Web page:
Date of Award

12-2013

Degree Type

Dissertation

Degree Name

Doctor of Philosophy

Major

Education

Major Professor

Vena M. Long

Committee Members

Mehmet Aydeniz, Stuart Elston, Barry Golden

Abstract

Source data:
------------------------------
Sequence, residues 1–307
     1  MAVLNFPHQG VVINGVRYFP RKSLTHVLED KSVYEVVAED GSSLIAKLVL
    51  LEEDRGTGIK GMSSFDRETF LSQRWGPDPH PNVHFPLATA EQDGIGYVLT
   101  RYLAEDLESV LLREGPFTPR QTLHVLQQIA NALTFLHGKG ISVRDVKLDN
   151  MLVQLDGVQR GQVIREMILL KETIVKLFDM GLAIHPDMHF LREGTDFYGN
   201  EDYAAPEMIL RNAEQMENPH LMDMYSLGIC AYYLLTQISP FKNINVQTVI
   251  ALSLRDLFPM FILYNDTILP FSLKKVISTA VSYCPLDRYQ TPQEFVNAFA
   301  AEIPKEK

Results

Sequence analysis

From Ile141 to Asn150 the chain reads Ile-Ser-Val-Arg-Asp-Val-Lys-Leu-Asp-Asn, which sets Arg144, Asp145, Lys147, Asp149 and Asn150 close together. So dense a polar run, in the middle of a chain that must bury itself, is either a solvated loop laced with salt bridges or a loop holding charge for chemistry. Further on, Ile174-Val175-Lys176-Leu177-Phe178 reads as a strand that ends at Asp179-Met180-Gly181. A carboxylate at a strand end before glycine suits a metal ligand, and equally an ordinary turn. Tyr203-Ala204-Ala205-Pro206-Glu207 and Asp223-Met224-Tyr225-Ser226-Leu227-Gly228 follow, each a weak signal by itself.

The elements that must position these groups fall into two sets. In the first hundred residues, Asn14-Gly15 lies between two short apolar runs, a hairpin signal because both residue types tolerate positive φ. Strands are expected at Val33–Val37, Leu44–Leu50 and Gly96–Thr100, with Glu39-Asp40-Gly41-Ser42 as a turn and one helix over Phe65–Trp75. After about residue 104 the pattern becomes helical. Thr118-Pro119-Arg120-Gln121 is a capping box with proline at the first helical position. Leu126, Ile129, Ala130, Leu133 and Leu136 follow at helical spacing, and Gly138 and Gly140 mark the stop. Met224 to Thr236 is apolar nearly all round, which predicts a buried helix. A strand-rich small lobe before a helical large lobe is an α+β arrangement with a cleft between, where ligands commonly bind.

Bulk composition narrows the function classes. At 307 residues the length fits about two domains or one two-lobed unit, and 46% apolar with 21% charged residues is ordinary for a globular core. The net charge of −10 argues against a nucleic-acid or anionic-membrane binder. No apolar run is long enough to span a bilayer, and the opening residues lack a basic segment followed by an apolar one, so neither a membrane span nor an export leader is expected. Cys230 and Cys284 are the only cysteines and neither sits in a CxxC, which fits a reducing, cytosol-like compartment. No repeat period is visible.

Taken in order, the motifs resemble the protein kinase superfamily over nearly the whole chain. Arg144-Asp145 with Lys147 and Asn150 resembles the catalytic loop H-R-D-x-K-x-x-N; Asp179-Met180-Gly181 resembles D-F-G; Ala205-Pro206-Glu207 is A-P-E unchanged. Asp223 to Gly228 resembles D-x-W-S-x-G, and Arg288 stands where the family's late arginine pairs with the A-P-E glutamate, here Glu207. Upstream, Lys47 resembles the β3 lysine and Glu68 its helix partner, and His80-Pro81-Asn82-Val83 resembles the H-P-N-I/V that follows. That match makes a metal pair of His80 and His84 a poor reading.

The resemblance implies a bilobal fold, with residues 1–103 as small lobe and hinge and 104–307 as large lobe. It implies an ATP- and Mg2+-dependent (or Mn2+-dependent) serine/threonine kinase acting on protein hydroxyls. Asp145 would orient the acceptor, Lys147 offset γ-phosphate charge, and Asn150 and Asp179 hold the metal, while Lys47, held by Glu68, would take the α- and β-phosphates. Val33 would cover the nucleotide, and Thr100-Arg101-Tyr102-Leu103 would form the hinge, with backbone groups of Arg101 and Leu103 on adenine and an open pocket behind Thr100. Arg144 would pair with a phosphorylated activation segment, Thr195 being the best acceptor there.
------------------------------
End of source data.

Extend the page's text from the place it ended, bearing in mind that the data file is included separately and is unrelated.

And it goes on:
Novice science teachers face a multitude of instructional, curricular, and institutional constraints that affect their classroom decisions. Emphases from their teacher training programs interact with and compete against the realities of professional teaching. This qualitative comparative case study attempts to look at the interactions of novice science teachers with the reform-based practice of nature of science (NOS) instruction. Teacher training programs teach their pre-service science teachers about NOS and try to emphasize the importance of NOS understanding on student scientific literacy, but little is known about how science teachers view and approach NOS once they are free from the constraints of their teacher training programs and are instead faced with the constraints of a real science classroom, administrators, state curricula, and other factors. This study examined seven novice science teachers over one school year in order to investigate how NOS instruction occurred and what factors affected that instruction. Interviews, classroom observations, and questionnaires were utilized in order to create rich descriptions and discussions concerning NOS. Motivational Systems Theory (Ford, 1992) provided a theoretical framework to describe the goal creation, motivation, and goal achievement concerning NOS for each novice science teacher and for cross-case analysis. Findings revealed complex interactions between many factors. Context beliefs concerning mandated state curriculum standards and high-stakes testing proved to have a great effect on NOS goal setting and NOS instruction, but overall positive capability beliefs, context beliefs, and emotional connection to NOS were demonstrated as requirements for appropriate NOS goal setting and motivation. A relationship between viewing NOS as a part of mandated science curriculum standards as opposed to an external institutional goal and increased NOS classroom instruction was noticed. Skill-related factors also affected NOS instruction, though their impact went largely unnoticed by participants. Views of NOS deduced from rubricated leading questions were shown to vary significantly from verbally articulated NOS understandings, suggesting the importance of discussion and explanation in NOS training. The vocalized understandings of NOS presented by the participants, which were often diminished, invented, and conflated, significantly affected the instruction of consensus NOS tenets. Implications and suggestions for further research are described.

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